Olivier Messiaen

At the age of 11 Messiaen entered the Paris Conservatoire, studying organ and improvisation with Marcel Dupré and composition with Paul Dukas. In 1930, he became the principal organist at La Trinité Cathedral in Paris, a post he held for more than 40 years. His distinguished teaching career is marked by appointments in Darmstadt, his famous courses in harmony and analysis at the Paris Conservatoire beginning in 1947, and his appointment as professor of composition there in 1966. His impressive list of students includes Boulez, Stockhausen, and his second wife, keyboardist Yvonne Loriod, among many others.

In synthesizing an individual style, Messiaen discovered in the music of Debussy the properties of "exotic" modes such as the whole-tone and diminished scales, calling them "modes of limited transposition." The inherent symetricalities of these modes enabled Messiaen to create progressions and melodies free of the tonic-dominant polarity of traditional tonal music, while remaining independent of the twelve-tone system as well. Messiaen was gifted with a strong sense of synaesthesia or hearing in colors. He often described his music in terms of "color progressions," also equating key signatures and collections of pitches with specific colors. At an early age, Messiaen developed a strong interest in rhythm, particularly fostered by Stravinsky's The Rite of Spring. His rhythmic investigations ranged from Gregorian chant, to ancient Greek poetic meters, to Indian raga, to gamelan music. He soon left regular metric divisions behind, although repetition remained an integral part of his rhythmic vocabulary. All of these elements are explained in great detail in his 1944 publication, Technique de mon langage musical.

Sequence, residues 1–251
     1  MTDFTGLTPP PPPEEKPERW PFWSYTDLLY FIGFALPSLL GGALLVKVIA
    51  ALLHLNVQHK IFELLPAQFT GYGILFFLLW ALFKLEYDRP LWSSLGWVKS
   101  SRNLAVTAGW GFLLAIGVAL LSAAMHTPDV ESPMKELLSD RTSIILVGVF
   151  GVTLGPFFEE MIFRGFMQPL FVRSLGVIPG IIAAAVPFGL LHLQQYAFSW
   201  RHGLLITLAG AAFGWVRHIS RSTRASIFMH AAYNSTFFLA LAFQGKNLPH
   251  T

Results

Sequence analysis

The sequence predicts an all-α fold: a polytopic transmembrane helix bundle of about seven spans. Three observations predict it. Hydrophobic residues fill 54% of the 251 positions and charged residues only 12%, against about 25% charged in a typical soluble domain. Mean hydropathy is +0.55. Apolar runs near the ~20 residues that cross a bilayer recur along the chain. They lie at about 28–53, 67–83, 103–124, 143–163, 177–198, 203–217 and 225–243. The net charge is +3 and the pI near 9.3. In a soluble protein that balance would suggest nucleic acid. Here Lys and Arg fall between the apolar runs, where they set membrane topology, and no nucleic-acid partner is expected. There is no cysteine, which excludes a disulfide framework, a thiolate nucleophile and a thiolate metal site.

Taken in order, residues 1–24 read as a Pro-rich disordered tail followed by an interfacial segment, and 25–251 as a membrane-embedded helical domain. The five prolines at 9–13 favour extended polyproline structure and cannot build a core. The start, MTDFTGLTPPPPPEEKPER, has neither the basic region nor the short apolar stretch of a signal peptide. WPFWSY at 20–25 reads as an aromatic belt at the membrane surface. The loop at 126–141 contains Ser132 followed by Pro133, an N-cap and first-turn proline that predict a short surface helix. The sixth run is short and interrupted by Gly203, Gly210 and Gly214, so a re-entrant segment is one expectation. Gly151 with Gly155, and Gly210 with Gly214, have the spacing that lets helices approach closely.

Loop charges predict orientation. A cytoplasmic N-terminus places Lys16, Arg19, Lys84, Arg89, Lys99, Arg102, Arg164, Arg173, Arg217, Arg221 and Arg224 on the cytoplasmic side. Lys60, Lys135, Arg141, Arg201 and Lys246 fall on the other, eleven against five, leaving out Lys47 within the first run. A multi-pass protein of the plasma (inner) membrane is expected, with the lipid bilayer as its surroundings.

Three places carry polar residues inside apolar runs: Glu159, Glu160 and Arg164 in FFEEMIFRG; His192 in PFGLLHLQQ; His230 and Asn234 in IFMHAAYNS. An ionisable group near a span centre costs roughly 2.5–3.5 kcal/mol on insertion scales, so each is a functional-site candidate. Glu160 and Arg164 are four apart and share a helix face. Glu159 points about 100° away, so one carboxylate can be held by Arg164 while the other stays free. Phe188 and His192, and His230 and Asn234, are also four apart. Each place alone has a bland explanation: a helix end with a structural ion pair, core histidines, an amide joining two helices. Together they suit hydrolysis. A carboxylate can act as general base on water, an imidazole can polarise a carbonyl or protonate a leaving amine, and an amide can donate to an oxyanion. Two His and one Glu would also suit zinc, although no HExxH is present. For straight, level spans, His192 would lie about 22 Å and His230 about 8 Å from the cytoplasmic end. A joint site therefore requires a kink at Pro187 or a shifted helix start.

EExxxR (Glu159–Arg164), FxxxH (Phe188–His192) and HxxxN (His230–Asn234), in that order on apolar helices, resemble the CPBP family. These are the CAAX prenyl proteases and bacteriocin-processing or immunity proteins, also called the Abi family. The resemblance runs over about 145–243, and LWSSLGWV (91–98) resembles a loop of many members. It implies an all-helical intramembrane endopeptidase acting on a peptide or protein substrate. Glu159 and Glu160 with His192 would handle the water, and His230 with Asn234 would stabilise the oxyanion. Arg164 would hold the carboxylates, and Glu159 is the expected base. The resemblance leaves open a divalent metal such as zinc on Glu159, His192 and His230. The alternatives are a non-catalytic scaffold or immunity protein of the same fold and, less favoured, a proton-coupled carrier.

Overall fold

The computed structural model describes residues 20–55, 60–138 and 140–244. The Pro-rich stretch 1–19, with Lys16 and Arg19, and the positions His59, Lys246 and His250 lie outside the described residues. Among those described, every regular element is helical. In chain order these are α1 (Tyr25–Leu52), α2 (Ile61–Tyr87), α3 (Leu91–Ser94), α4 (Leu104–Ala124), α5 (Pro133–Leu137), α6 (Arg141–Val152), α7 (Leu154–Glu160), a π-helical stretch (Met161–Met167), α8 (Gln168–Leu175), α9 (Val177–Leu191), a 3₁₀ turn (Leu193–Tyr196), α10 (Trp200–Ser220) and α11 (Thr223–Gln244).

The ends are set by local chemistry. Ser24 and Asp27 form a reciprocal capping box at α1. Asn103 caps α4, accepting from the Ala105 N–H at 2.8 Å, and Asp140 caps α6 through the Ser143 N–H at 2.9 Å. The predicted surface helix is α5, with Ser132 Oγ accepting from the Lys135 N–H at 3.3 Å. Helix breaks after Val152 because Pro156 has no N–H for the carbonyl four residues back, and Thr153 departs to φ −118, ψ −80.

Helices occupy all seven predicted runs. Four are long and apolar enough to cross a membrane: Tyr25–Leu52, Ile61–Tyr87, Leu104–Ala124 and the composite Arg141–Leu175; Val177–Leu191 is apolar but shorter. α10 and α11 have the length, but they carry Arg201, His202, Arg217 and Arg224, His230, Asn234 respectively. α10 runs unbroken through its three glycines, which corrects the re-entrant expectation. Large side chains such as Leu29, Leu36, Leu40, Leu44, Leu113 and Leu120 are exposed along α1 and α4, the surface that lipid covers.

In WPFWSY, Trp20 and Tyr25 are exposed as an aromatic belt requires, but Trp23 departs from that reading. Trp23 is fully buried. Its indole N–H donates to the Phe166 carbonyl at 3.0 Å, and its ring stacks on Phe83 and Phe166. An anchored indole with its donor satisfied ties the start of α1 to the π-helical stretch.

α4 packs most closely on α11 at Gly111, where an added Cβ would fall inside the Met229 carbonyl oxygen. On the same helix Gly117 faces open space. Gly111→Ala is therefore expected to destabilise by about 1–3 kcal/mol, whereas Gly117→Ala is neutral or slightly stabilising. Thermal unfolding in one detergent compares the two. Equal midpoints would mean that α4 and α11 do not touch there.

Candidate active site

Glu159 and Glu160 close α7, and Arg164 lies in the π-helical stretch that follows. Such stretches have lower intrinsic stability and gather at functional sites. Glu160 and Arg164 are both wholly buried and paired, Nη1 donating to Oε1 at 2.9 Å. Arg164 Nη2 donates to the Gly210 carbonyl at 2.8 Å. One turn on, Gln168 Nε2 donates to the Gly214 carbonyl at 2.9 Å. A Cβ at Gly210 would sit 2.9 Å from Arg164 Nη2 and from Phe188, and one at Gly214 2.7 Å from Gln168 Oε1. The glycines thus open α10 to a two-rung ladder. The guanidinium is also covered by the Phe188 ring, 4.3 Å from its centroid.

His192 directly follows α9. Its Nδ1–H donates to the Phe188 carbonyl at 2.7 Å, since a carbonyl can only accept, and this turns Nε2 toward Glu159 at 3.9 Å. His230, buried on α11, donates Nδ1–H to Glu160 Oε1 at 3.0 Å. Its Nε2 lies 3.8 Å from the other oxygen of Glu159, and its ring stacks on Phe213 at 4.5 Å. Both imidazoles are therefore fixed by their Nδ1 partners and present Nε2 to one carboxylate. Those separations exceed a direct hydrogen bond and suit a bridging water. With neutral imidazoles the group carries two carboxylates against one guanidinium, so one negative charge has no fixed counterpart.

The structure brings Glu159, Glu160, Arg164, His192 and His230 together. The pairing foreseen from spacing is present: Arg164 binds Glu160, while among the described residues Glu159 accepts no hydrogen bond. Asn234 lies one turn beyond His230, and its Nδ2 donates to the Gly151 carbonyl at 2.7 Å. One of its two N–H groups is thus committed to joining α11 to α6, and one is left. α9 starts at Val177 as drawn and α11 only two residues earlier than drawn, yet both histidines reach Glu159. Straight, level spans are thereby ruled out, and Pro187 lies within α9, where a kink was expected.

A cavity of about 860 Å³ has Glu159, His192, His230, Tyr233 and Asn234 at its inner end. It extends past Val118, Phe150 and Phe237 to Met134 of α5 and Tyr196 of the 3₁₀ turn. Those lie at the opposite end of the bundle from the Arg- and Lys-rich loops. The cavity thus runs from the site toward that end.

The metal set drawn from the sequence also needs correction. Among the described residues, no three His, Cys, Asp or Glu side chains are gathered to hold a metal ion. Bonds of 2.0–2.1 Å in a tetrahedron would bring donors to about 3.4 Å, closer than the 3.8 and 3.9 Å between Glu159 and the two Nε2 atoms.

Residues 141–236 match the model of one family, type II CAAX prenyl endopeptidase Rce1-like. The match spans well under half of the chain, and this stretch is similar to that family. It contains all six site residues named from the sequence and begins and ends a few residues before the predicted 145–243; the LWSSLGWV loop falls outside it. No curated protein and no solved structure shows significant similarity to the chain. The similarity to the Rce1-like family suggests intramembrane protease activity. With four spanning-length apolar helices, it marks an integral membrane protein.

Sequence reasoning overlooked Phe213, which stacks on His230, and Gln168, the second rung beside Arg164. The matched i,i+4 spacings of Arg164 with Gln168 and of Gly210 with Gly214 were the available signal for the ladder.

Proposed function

In 1940, while a prisoner of war of the Germans, Messiaen composed Quatuor pour la fin du temps (Quartet for the End of Time). The quartet's unique instrumentation of piano, clarinet, violin, and cello was written for, and premiered by Messiaen and three fellow inmates while in detention; it became one of the great chamber works of the twentieth century.

Messiaen had a deep love of birdsong, and spent much time in the wild making extensive transcriptions, many of which would surface in his works, most notably in an arresting orchestral passage in Chronochromie and the monumental Catalogue d'oiseaux for solo piano.